Sublime Point Walk. If you are a bit of an extreme exercise enthusiast, you might like to try the Sublime Point Walk. It’s short (less than a kilometre one way) but it’s straight up (more or less) the escarpment. Lots of people try to beat their own personal best and get it done one way in less than 30 minutes. That’s easy if you come down the track but not so much if you start at Austinmer and go up. The National Parks website tells you how to get there and where to park. You can take the train and get off at Austinmer. This is also uphill and will take about 20 – 25 minutes. Take water and snacks. There is a café at the top but it is not open 24/7. Apart from trying to beat the speed record lots of people aim to get to the top by sunrise, so many start the walk in the near dark. Please note: the local residents will get VERY narky if you park in their driveway so play nice if you drive. You should be fit to do this walk – it’s a hard slog and will be tough on your knees. You need to be comfortable climbing ladders and there are lots of stairs. But the view!! The view is amazing!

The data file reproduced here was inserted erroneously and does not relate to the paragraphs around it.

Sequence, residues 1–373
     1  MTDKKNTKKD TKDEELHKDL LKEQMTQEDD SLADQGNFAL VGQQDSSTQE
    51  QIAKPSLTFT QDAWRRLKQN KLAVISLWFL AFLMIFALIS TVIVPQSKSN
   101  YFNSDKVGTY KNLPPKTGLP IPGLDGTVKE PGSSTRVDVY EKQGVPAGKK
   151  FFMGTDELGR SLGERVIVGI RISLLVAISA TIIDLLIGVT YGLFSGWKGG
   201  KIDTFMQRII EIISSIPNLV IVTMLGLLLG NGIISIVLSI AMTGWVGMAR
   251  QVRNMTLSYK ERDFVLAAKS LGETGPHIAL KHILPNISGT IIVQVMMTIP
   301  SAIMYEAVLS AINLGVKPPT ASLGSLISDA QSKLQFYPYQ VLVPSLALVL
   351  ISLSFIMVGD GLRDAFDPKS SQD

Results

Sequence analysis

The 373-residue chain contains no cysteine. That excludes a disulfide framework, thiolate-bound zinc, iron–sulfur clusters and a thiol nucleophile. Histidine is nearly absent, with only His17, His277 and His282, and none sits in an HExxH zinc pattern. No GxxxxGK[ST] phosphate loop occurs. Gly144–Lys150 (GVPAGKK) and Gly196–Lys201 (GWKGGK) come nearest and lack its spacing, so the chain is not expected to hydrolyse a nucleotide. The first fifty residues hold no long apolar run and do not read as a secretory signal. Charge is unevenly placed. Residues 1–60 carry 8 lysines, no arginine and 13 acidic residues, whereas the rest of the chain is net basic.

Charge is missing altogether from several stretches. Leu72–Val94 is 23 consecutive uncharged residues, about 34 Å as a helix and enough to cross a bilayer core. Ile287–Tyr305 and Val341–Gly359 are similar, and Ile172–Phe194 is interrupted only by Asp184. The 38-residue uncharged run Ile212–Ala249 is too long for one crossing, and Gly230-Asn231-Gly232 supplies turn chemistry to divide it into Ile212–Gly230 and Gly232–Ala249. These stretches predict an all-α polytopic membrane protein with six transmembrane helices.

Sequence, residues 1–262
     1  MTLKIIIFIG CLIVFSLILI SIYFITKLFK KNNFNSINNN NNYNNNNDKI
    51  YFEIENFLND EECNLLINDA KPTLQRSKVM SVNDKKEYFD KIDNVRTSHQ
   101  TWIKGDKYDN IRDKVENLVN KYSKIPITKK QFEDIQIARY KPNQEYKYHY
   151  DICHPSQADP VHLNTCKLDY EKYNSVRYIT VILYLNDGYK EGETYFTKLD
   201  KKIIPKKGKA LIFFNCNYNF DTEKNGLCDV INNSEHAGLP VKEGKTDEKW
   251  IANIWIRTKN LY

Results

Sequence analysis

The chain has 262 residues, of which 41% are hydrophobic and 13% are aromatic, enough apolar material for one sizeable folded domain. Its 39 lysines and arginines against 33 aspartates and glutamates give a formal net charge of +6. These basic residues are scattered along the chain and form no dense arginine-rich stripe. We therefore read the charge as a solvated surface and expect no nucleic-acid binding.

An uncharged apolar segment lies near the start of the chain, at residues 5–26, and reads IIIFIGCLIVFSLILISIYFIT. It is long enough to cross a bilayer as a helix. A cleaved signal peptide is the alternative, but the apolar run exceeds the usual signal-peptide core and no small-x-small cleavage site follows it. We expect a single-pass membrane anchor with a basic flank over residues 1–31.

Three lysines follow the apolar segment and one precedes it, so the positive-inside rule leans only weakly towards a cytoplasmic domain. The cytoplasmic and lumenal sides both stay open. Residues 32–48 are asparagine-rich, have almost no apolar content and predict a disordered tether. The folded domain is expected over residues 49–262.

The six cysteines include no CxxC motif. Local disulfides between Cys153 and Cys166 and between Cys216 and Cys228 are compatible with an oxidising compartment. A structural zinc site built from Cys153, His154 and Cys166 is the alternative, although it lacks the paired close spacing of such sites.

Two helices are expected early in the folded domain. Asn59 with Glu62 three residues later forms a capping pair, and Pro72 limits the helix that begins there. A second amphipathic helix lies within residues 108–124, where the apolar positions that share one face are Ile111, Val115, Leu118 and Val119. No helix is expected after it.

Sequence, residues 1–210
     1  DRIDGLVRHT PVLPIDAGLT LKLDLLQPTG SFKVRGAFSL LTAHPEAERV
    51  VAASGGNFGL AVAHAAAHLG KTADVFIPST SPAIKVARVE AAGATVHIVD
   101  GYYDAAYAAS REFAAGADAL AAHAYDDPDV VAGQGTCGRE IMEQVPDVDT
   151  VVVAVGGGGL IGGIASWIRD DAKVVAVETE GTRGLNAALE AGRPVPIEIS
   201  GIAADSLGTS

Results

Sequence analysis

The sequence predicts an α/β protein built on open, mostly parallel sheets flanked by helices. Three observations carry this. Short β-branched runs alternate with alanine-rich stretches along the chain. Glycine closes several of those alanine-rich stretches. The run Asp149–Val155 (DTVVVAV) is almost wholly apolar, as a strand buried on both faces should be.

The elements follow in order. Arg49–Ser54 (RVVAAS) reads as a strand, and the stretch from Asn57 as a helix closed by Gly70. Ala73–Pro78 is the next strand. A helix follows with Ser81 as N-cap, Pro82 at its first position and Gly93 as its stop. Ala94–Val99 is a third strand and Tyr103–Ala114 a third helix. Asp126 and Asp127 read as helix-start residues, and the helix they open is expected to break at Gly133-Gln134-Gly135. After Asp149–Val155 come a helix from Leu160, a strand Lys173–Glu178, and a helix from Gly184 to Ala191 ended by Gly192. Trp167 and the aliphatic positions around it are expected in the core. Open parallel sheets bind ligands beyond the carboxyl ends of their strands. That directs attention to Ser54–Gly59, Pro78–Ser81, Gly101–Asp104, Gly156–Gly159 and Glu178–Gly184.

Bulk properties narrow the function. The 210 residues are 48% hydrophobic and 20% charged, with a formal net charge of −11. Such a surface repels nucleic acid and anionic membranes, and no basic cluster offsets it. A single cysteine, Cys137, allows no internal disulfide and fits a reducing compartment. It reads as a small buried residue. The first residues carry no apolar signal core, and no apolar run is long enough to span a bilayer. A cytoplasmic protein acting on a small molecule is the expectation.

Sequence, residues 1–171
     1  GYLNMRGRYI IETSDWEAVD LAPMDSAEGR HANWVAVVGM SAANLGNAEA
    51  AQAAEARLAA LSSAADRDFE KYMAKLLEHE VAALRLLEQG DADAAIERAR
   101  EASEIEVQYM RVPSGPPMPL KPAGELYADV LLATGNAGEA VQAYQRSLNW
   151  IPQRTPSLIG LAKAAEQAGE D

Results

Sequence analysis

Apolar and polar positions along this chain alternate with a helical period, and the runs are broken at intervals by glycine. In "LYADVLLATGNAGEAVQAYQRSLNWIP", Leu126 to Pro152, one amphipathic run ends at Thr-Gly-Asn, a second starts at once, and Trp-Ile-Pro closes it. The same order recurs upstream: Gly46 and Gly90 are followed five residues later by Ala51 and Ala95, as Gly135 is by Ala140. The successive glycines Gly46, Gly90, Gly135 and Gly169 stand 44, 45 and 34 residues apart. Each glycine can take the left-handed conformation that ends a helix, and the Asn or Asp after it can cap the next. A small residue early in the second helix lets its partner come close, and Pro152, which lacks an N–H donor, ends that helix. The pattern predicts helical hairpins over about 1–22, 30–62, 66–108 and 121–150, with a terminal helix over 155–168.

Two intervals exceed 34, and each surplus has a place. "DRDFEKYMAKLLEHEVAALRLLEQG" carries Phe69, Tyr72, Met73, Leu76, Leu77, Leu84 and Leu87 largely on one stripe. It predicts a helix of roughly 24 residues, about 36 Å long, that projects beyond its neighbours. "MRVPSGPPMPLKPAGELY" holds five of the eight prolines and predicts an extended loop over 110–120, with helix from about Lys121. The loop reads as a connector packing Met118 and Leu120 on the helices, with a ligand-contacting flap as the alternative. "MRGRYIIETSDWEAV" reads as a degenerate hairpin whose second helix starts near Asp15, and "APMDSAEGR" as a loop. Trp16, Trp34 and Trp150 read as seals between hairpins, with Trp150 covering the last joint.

Kiama to Gerringong walk. At sixteen kilometres one way this is for those who like a more leisurely pace but a longer walk. Either drive or catch a train to Kiama and join the track. https://www.beyondtracks.com/walks/-/gerringong-to-kiama-along-kiama-coastal-walk/ You will need to either catch a train and walk both ways or have a car shuttle system worked out. There are no places for fresh water or food en route, so you will need to carry everything you want.
The Park Run: The Park Run is a global volunteer-organised running club. There are three places you can do the Park Run in the Illawarra if you are a registered member. One in Sandon Pont, another that starts from Fairy Meadow Surf Club and then down south in Shellharbour. These 5 km timed runs are all in great locations and attract lots of locals and travellers. http://www.parkrun.com.au/northwollongong/ . Links to the Sandon Point and Shellharbour runs are on this page. The runs are held on Saturday mornings.